I liked The Amazing Spider-Man, but I didn’t think it was spectacular. I didn’t have anything against Tobey Maguire but I thought Andrew Garfield brought something new. Even though I liked it, I was never really that excited about this sequel. Not in the same sort of way I’m excited about the next Avengers or even the next X-Men.
My main hesitation was that three villains were being marketed with the film and I was worried they weren’t going to get a stellar treatment. Was I right in this hesitation?
Andrew Garfield returns as Peter Parker / Spider-Man, who is trying to keep a romance alive with Gwen Stacy (played by Emma Stone). He happens to save scientist Max Dillon (Jamie Foxx), who becomes obsessed with Spider-Man but eventually becomes a super-electric villain named Electro. Let’s also add in Peter’s childhood friend Harry Osborn (Dane DeHaan) who reappears in New York City as his father is dying. There’s a lot happening but the movie clocks in at nearly 2 and a half hours, so they manage to get in a lot of content.
While I didn’t have any qualms with Tobey Maguire, Andrew Garfield really nails it here. This movie is dark and goes to some very dark places towards the end and Garfield manages to carry that weight, while also portraying Spider-Man as the wisecracking teenager that he’s meant to be. It’s a layered performance and one we didn’t really ever see from Maguire. His chemistry with Emma Stone was also spot-on.
A lot of this movie is focused on the relationship between Gwen Stacy and Peter Parker. It feels strange for a superhero movie but it pays off incredibly in the climax of the film, as all that work culminates in one moment that we’ve all been waiting for since Peter Parker made his first on-screen appearance. Incredible work there.
I thought Jamie Foxx pulled off Max Dillon as a villain but the writing didn’t launch him the level of other modern villains, such as Loki or the Winter Soldier. Not Foxx’s fault though, I don’t think.
What doesn’t work?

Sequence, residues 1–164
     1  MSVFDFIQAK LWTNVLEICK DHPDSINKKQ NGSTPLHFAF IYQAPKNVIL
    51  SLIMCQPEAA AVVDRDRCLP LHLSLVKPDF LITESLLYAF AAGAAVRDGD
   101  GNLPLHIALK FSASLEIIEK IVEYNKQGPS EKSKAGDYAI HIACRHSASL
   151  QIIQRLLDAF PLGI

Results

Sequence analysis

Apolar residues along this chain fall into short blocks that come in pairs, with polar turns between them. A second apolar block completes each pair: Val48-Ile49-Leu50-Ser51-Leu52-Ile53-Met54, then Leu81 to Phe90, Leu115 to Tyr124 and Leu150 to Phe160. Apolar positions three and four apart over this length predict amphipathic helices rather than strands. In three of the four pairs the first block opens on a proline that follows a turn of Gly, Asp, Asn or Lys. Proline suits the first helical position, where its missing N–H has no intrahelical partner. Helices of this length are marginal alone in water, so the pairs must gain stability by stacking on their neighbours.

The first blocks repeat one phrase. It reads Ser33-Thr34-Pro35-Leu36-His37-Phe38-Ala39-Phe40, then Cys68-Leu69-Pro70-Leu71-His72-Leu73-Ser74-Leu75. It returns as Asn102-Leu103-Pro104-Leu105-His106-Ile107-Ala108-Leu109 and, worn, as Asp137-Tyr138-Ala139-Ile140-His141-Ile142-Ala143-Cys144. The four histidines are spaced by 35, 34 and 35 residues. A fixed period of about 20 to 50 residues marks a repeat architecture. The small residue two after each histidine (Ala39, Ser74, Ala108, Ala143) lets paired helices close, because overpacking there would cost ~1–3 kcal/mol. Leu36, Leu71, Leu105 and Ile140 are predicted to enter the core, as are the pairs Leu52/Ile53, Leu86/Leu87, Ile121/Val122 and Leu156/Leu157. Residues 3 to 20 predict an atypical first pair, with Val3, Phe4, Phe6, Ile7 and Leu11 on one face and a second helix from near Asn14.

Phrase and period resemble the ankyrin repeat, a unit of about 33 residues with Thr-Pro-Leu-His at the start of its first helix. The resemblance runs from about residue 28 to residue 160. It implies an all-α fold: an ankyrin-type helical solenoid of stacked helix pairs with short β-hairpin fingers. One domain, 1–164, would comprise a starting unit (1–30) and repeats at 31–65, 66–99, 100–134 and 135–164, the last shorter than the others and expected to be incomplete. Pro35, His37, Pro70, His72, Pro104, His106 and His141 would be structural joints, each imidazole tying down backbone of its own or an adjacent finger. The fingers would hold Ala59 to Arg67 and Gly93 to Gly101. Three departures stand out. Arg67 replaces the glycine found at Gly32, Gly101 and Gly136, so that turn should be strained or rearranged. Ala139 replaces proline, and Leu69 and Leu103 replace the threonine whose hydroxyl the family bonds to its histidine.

Let’s start at the written page. The dialogue is bad. Bringing a comic book to the big screen requires some tact and you can’t just copy and paste. When Jamie Foxx says “I am Electro!” my first instinct was to groan, not cheer. Most of Dane DeHaan’s dialogue is way over the top. And the plot doesn’t really make sense. Harry Osborn was a fine addition to the story but his transformation into the Green Goblin was forced and all too brief, really culminating in one short action sequence. And don’t even get me started on the Rhino… I’d be fine with the Rhino being a cool extra cameo but he was marketed as one of the villains of this film and that really isn’t the case.
Now in the actual execution… The movie succeeds when it’s about Peter and Gwen but it fails once it starts dipping into the actual superhero mythology. The Green Goblin doesn’t make sense. The visual effects are sometimes horrible. The opening scene featuring Spider-Man was atrocious. Dane DeHaan didn’t fit the Harry Osborn character (I actually much preferred Franco). The fight scenes had weird shaky-cam choreography and an abundance of slow motion. Compared to a movie like Captain America: The Winter Soldier, these effects and these fight sequences were both subpar.
The movie essentially built up the creation of the so-called Sinister Six, which are six villains that all team up to take out Spider-Man. I’ll be doing a video soon on who I think will make up that team.
I didn’t have a problem with this film being 2.5 hours long. I didn’t have a problem with the amount of villains. But I did have a problem with the way these villains were portrayed. Electro was the only one that kind of made sense, while Rhino is really a cameo and Green Goblin makes no sense and suffers from extreme overacting. Sony is already planning the next two installments, plus two spinoff movies, which worries me because the foundation for this cinematic universe is weak and flawed. This movie is best when Andrew Garfield and Emma Stone are onscreen together but it’s worst when it actually focuses on Spider-Man and his villains. And that’s bad for a movie about Spider-Man.